As the old year ends and a new one begins, the medical device industry has plenty to consider. In this two part series, we’ll first look at what happened in 2015 – but keeping an eye on the future. Our next post will look at emerging trends that will shape 2016.
Just like in the consumer world, mobile apps have exploded in healthcare. From heart rate monitors to oxygen monitors to weight loss help, the market has become highly populated. However, the usefulness of many apps remains in doubt, and the sheer number alone makes competition stiff.
The future lies in large part upon regulation. What happens when you put powerful diagnostics in the hands of the masses? Will doctors get overwhelmed with incoming information? Will patients begin self-treatment? How do you verify the accuracy of the data?
The FDA has announced that the intended use of the app decides if it’s just an app or a medical device. Currently their definition is quite broad. The next year will likely see refinement and a bit of a purge in the number of apps. Investors, consumers, and doctors are going to get pickier and seek out apps that only add true value to their lives.
This year showed continued mounting pressure in medical device reimbursement. As bundled healthcare gained momentum, the trend towards creating lower cost devices intensified. Meanwhile, device makers jockeyed for position to score key group purchasing organization contracts.
The year ahead will see more package offerings, like rehab service included with orthopedic prosthetics deals. Some brave manufacturers will still forge ahead to offer truly new devices. The hope is that the clinical data will support higher costs. Meanwhile, others will strip down current devices to make them more affordable.
Finally, device makers must dedicate themselves to educating payers that good value must accompany low cost decisions. And the companies with the best developed reimbursement strategies will come out on top in 2016.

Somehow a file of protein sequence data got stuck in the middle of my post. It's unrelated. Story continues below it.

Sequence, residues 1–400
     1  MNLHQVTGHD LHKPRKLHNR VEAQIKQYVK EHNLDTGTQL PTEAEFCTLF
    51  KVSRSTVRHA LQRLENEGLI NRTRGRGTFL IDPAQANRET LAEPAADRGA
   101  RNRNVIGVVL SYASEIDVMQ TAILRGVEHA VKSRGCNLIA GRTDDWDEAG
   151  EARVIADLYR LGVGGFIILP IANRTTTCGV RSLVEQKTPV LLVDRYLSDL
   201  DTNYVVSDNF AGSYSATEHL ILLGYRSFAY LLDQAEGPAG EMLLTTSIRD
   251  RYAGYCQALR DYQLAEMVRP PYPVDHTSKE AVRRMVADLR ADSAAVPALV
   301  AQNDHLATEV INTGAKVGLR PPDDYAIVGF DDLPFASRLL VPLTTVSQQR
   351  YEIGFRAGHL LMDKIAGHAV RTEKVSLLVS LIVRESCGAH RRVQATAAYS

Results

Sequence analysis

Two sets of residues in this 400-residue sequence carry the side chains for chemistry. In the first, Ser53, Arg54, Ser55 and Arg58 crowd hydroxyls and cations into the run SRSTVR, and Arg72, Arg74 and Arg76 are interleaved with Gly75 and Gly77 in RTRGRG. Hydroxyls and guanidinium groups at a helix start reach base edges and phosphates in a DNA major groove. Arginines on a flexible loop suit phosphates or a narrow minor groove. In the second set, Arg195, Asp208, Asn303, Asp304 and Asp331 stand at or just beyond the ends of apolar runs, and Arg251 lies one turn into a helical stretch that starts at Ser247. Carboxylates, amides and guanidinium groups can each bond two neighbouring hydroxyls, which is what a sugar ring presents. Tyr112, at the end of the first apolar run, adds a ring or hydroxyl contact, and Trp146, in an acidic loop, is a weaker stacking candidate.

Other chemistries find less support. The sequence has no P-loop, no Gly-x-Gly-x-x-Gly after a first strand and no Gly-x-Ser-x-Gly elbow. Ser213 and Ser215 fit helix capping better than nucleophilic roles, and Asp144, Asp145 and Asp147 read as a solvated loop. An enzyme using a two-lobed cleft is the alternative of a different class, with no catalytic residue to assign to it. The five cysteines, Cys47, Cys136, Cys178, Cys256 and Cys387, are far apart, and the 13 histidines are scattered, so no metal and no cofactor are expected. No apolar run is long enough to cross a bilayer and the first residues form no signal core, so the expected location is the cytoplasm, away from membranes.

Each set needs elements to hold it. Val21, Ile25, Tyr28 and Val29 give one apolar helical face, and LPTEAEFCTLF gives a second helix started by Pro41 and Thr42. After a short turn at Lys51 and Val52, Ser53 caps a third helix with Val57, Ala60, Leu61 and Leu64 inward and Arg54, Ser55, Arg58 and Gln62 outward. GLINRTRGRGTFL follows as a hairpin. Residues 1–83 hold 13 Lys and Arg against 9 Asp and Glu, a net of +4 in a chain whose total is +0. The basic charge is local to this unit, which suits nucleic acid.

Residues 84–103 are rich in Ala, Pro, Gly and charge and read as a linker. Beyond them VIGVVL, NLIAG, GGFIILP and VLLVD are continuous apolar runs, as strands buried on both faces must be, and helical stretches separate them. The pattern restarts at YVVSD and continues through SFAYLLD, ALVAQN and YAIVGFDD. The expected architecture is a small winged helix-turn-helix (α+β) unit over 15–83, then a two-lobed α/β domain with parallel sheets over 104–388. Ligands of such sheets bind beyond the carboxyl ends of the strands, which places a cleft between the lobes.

Due to intense economic pressure, manufactures are taking a much closer look at cost cutting measures. The analysis of factors like supply chains, logistics, assembly, and packaging has become nearly as sophisticated as device development itself. Those who plan in a comprehensive and strategic manner will have a clear advantage. The key: address all cost issues as early in the game as possible.
Big Data And The IoT
It’s well known that the likes of Google and Apple are edging their way into the healthcare arena. These players know how to leverage big data. This means gathering, processing, managing – and of course selling – the information.
Along similar lines, the Internet of Things (IoT) has reached deep into the medical device market, and this will continue. Smart technology will penetrate deeper into the clinical setting, such as with patient data access. This change will also expand beyond the hospital borders to the ambulatory setting.
Look out for more joint efforts between tech and medical device companies. But also be aware that many tech startups just might end up doing it faster and cheaper than the bigger actors.
Just like in every other industry, cyber risk worries the medical device industry. But not nearly enough is being done about it. Since many questions must be addressed, the situation creates abundant opportunities. For example, devices with a well-defined risk strategy can differentiate themselves from the competition. Also, cyber risk mitigation is an industry in itself that has yet to be fully exploited.